Missing the data point by Louis P. Santillan

To stand on Russell's post, I agree. Also, the data sets chosen (all but the twitter data set) are not representative of the types of data JSON is used for. It is representative of the types of data XML has traditionally been used for. I'm sure their producers have had years to optimize the structure ("shape").

Re: Missing the point by Josef Jelinek

Russell's response has - in my opinion - more value than the article/document combined. I wished to find a response like that, for I would need to write one myself otherwise.

It should be noted that the core product that MarkLogic produces is based heavily in XML by Eric Cotter

It should be read with the knowledge that the company from which this study came from is heavily steeped in XML. The MarkLogic Server product they offer is XML based at its core. So much so they vaunt it as the industry standard. So it is in their best interests to keep XML in the limelight yes?

Just a thought :)

Re: It should be noted that the core product that MarkLogic produces is bas by Russell Leggett

Yeah, that's not surprising :)

Wrong by Oscar Goldman

Why use JavaScript to parse XML instead of the browser natively? I use JSON when I'm getting pure data for an application, but XML when I'm going to display the data with some styling. The scenario here doesn't make sense.

Re: Missing the point by Oscar Goldman

" In the case of XML, it would require walking the XML after parse is complete to marshall it into the javascript object that a developer would actually want to use"

You don't have to walk the XML. You can display it directly, and style it with CSS. That's the problem with this whole comparison.

Re: Missing the point by Russell Leggett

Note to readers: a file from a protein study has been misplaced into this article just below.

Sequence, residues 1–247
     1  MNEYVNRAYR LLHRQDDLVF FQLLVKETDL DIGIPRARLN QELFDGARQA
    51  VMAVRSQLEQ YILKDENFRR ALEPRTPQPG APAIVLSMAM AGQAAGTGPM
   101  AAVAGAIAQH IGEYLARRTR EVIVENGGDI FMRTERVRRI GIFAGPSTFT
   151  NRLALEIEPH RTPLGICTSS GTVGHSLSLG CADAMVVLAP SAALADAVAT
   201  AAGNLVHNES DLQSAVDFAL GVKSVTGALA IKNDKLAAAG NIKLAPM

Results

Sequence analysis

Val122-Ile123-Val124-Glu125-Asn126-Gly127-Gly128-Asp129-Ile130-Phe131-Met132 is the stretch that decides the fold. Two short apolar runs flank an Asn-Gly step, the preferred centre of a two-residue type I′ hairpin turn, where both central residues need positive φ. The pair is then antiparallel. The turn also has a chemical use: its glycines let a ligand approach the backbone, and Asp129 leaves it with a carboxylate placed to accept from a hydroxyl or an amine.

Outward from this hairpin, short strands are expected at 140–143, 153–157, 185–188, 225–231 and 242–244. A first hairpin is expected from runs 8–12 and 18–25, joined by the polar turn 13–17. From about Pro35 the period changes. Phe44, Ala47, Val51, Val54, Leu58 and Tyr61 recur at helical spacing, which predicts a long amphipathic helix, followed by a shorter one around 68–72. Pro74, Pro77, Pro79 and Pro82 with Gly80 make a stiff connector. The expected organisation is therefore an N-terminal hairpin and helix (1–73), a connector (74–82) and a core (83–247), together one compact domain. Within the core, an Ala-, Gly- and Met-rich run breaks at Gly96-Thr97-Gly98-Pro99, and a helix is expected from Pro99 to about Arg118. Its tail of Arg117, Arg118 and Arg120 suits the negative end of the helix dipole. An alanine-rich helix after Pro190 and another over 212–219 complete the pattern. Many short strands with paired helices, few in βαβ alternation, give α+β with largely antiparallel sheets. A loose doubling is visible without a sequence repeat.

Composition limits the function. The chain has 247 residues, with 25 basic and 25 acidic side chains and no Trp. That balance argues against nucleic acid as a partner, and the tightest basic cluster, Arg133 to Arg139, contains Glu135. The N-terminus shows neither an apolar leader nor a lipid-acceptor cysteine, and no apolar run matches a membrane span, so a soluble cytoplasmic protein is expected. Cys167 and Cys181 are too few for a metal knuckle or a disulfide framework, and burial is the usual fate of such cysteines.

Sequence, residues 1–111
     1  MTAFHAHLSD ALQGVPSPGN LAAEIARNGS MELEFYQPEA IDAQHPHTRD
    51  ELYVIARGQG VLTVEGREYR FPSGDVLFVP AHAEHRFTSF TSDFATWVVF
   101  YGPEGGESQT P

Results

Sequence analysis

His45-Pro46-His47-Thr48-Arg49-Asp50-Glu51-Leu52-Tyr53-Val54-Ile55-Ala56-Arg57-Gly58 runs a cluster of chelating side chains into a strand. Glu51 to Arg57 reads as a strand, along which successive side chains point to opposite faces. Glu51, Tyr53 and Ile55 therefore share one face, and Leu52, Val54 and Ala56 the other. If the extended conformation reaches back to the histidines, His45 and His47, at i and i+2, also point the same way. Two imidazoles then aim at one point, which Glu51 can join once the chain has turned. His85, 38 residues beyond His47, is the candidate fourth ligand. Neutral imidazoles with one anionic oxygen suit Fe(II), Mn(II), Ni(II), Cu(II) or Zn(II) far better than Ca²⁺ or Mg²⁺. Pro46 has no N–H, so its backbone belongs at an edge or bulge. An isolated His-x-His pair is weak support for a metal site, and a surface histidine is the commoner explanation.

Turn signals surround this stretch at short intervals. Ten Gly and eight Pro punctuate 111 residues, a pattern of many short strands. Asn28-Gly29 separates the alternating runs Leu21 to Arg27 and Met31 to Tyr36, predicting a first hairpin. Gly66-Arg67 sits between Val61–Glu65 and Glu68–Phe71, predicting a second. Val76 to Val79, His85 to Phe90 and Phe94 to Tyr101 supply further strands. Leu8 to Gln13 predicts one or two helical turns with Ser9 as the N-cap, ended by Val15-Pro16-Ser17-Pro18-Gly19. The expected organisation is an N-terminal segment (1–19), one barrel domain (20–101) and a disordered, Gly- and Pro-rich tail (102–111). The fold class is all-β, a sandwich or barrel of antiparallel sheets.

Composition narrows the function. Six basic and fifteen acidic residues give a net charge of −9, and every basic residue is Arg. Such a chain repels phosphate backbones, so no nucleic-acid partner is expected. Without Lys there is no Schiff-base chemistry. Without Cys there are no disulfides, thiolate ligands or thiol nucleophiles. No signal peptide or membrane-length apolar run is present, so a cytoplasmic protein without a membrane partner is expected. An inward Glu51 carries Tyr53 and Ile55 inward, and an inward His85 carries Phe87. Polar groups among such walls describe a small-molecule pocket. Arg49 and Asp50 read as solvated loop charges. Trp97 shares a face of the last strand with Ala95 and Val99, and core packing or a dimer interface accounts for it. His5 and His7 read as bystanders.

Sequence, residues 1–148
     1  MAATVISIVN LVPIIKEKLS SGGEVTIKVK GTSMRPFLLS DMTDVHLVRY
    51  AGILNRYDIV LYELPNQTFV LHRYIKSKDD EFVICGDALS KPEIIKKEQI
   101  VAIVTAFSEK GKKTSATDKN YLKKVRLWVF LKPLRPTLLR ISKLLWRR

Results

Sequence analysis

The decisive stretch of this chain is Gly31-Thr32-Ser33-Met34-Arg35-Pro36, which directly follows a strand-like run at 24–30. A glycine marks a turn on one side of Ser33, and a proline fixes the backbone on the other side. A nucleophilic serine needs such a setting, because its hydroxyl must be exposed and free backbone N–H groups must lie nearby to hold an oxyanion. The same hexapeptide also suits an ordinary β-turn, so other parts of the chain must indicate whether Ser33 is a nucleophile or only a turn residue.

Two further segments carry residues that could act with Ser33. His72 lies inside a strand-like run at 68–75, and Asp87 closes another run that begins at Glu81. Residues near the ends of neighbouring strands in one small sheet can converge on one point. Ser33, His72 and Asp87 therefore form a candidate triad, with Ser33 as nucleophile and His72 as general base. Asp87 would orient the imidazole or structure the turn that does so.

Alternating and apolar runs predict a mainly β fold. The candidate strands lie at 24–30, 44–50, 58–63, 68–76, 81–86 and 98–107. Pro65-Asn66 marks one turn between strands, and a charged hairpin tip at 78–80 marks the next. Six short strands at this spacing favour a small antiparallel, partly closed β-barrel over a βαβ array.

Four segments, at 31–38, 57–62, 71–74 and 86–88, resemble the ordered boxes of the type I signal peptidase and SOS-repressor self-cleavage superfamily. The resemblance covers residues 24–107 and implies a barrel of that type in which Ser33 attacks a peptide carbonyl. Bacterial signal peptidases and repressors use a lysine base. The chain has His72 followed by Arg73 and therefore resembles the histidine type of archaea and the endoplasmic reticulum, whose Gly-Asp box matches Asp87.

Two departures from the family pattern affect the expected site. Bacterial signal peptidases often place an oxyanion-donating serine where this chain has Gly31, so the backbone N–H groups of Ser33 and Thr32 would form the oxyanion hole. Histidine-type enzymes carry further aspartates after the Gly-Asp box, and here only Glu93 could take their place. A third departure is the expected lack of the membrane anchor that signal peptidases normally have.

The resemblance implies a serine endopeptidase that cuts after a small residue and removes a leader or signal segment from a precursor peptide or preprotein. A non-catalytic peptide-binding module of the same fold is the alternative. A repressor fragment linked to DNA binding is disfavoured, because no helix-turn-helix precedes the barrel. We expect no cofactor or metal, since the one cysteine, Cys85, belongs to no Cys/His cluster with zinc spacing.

Yes, I almost addressed this, but my comment was getting very long already. It is true that using XML as you say would not require conversion into a javascript object, however, even in the case you mention, the best and most common solution would be to simply send html and perform an innerHTML assignment (assuming we're still talking about the browser which is the focus of this article). I would certainly accept that in the case where no javascript processing would be desired, json is not likely the best format.

That said, the industry seems to be moving towards client-side templating, for the sake of flexibility, in which case the desired result of the parse would be a javascript object to be processed by a javascript template (unless we're talking XSLT in which case, I'm sorry). I guess what I'm saying is - use the right tool for the right job. I remember way at the beginning when Ajax was AJAX and the X still meant XML. It was painful. The failed E4X language addition was a result of trying to deal with that pain, but it was never supported, and additionally became abundantly clear that JSON got the same results (a simple expressive way of directly interacting with data coming over the wire), but surprise!, it was already supported in every browser.